Former International Monetary Fund chief Dominique Strauss-Kahn will learn Tuesday whether a judge will dismiss a civil suit brought against him by the New York hotel housekeeper who accused him of assaulting her last year.
Strauss-Kahn's lawyers asked a judge to dismiss the case in March, arguing Strauss-Kahn had diplomatic immunity.
At the time, Bronx state Supreme Court Justice Douglas McKeon said he would "expeditiously issue a decision" deciding whether the case could proceed.
The ruling will be posted on the court's website about 10 a.m. ET.
Strauss-Kahn headed the IMF, an international organization consisting of 187 member-states with headquarters in Washington, D.C. The IMF provides loans to countries that are suffering economic difficulties.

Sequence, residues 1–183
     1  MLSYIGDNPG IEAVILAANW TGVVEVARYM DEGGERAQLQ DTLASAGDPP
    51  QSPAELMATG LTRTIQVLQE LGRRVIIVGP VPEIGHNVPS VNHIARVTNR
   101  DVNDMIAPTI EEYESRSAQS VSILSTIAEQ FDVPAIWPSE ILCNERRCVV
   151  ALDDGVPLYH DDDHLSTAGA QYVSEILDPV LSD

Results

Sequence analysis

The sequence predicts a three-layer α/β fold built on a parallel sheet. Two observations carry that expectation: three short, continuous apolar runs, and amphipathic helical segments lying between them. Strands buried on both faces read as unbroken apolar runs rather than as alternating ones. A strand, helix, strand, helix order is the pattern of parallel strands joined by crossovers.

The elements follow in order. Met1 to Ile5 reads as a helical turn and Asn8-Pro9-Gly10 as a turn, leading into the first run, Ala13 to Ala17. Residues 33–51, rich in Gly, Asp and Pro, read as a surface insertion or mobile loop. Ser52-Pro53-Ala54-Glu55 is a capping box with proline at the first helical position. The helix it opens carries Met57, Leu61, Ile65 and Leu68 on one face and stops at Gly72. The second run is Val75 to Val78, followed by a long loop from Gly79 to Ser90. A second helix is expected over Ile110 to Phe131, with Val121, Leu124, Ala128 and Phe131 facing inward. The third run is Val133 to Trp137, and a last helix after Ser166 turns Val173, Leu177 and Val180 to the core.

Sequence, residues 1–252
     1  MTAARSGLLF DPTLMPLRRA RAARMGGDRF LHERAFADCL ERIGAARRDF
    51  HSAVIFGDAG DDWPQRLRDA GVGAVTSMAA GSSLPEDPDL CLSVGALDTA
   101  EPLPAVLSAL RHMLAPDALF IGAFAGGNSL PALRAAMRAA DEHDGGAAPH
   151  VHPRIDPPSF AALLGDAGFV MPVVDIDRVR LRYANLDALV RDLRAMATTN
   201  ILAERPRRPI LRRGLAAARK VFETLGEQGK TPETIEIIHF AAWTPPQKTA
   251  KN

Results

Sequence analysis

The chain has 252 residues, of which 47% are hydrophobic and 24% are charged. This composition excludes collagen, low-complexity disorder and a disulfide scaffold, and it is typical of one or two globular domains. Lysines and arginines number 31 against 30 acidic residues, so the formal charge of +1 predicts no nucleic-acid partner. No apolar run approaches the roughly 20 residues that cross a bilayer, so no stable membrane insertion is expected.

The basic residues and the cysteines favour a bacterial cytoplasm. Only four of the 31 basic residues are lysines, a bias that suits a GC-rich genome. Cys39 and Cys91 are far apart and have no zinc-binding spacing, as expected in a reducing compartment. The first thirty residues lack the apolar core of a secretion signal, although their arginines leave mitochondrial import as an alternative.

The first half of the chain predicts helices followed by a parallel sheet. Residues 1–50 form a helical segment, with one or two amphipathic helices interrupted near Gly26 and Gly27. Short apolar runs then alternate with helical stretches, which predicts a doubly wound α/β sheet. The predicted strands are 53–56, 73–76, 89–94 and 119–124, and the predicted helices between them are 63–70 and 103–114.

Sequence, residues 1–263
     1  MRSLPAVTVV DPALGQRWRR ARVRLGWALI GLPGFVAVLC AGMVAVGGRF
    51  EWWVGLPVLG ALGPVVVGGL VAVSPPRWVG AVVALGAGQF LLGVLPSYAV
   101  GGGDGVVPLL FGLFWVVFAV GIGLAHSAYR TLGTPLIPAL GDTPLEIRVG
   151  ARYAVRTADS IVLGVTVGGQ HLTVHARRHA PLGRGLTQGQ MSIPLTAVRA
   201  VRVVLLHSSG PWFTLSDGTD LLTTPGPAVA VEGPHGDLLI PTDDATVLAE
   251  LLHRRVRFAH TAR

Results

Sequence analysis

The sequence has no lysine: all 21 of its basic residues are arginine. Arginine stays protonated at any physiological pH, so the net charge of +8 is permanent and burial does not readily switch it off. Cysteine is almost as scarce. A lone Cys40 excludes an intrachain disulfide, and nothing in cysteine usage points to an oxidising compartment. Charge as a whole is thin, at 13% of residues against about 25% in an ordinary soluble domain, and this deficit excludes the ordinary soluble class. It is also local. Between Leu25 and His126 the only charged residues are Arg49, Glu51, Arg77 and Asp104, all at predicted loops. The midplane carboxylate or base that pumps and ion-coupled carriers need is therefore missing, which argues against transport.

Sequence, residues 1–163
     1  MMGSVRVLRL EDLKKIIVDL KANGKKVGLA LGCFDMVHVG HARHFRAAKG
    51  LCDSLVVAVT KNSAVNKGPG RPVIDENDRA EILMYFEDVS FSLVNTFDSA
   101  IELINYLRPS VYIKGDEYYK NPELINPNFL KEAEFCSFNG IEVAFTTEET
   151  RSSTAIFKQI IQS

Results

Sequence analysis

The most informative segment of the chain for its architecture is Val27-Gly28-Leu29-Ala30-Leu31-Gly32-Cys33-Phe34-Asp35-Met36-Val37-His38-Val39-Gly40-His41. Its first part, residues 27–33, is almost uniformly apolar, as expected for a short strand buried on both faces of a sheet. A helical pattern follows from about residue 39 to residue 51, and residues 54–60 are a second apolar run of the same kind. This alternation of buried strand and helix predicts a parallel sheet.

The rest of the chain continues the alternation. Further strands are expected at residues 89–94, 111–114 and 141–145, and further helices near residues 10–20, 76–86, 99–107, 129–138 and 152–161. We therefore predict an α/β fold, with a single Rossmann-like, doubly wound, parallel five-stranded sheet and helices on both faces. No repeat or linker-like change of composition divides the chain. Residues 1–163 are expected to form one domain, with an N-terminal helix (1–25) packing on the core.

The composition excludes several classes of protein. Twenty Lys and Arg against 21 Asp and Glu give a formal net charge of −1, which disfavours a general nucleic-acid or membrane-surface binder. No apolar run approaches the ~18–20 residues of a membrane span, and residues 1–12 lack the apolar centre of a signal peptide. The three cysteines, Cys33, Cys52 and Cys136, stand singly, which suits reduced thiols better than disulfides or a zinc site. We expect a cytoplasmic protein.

He resigned his position soon after his arrest by New York police in May 2011, when he was charged with criminally assaulting a housekeeper in a Manhattan hotel suite.
The housekeeper, Nafissatou Diallo, accused Strauss-Kahn of attempting to rape her when she walked into his suite. Police subsequently removed him from an Air France flight about to depart New York's Kennedy Airport and jailed him before his arraignment in criminal court.
The arrest of such a high-profile international political figure who was preparing a presidential run in his native France sparked worldwide media interest. But, the criminal case against Strauss-Kahn was later dropped by New York prosecutors, because of credibility issues they cited in Diallo's account.
"At the end of the day, they did something very courageous by dismissing the case," one of his lawyer, Benjamin Brafman, told CNN's Piers Morgan on Monday night. "It took a lot of guts to do that. It was the right decision. That case was fed by a media frenzy unlike any I've seen."FULL STORY